There is much more in this book.  I haven’t even begun to tell how Tipler uses physics to explain the plausibility of Christianity’s founding miracles and the reality of faith/inspiration.  I also haven’t touched on his elaborations on the physics of the end time and the need for intelligent life to disperse into space using up matter to create energy to travel and sustain life.  I haven’t the energy to go through his logic.  And he does have a very logical framework within he works.

One place he defies logic, in my opinion, is in his rather elaborate physics-based explanation for the existence of evil when the whole world is being directed by God, a God he defines as he Cosmological Singularity but also as having the goodness attributes assigned to Christianity’s  God.  If we would only understand the multiverse, which has copies of all of these issues since it has us repeated in infinite variety, we would see that there is perfection in the universe and the evils in our world are but fleeting phantoms against that greater reality.  So we have rooted out the dualistic heresies to be replaced by the notion that our life experience is being lived innumerable times simultaneously and there are many worlds in which the evil path we just took was not taken, thus diluting the evil in the multiverse?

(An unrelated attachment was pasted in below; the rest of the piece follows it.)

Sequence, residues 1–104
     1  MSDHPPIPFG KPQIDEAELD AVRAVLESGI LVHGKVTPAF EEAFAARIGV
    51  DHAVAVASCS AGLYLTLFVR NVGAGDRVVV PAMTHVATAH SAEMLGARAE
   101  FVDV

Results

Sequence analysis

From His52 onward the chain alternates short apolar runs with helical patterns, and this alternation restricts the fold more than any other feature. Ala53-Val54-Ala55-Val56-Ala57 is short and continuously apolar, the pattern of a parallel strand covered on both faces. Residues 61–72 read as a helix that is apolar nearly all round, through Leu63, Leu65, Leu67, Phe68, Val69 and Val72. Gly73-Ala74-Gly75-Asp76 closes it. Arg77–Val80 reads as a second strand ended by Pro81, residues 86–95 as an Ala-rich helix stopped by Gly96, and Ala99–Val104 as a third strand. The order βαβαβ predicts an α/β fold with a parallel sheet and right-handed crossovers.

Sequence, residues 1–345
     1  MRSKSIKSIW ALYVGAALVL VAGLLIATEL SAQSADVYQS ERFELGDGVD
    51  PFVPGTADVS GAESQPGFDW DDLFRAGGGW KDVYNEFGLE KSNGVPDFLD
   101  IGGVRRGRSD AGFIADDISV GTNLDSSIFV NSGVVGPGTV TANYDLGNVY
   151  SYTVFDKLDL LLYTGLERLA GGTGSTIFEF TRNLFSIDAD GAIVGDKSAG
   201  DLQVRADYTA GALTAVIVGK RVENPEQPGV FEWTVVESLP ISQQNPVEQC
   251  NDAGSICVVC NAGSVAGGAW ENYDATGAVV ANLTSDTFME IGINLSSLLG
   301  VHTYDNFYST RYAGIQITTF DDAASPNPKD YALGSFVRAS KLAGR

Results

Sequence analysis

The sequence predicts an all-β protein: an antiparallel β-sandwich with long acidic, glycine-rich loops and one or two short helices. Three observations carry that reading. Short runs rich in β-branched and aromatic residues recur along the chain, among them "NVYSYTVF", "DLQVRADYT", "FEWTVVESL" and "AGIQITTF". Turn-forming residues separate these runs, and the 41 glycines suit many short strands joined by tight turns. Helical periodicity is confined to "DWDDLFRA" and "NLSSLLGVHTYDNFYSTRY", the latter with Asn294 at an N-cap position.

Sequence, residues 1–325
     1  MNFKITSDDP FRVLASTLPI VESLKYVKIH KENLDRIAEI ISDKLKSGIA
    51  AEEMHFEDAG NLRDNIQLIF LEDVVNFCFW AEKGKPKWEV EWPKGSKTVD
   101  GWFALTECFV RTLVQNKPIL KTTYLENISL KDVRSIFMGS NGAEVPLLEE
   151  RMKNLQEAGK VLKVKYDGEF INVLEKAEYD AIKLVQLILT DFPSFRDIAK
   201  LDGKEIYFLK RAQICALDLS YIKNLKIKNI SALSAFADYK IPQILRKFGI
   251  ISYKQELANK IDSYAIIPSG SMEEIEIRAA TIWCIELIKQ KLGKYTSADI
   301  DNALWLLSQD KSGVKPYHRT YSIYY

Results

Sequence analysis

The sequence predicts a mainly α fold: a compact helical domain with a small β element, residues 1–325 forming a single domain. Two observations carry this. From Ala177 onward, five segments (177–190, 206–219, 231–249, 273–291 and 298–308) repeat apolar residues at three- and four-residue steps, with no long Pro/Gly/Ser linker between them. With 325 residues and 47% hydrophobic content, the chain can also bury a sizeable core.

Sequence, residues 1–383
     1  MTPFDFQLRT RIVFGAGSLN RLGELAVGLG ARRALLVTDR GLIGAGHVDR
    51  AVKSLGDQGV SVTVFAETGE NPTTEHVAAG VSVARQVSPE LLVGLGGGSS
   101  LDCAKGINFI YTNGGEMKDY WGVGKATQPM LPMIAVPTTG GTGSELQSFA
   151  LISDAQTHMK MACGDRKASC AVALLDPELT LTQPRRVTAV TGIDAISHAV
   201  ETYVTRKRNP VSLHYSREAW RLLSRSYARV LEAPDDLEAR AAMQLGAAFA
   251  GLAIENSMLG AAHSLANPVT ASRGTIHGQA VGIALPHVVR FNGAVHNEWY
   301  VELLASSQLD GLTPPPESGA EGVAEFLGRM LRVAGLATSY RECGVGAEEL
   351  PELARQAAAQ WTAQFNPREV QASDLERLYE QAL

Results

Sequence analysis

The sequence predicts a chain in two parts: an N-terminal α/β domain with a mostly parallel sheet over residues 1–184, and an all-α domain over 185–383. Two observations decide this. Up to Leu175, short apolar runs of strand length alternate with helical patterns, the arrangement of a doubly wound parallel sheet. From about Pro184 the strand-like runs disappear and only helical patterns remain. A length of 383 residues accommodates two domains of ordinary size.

To me that explained absolutely nothing.  So if there is evil here we can be sure there is another world with us in it that has no evil.  And in an infinite number of worlds there is thus very little evil since this is apparently about as bad as it gets?

But there is still evil here in God’s creation.  I feel it is no more enlightening than a statement once made by Brigham Young, the second prophet of Mormonism. That statement was something to the effect of there being many worlds with populations of people like us. All saved by Christ as we are here.  Would Tipler be proud?  No, they are all in this one universe.  The reason Christ came to this world and not some other is because of all the worlds in this universe, this is the most wicked, and the only world where he would be sacrificed by evil men.  
So who elected me to this world and why?  The good news is that when we travel into the universe, we can be assured of a pleasant reception wherever we go.  No mean and nasty aliens.  But don’t bother to read history in those other worlds, it will be missing the blood, gore, mayhem and treachery over control of power, wealth, and religion–which is often directly related to power and wealth–that make history so terrible and interesting here.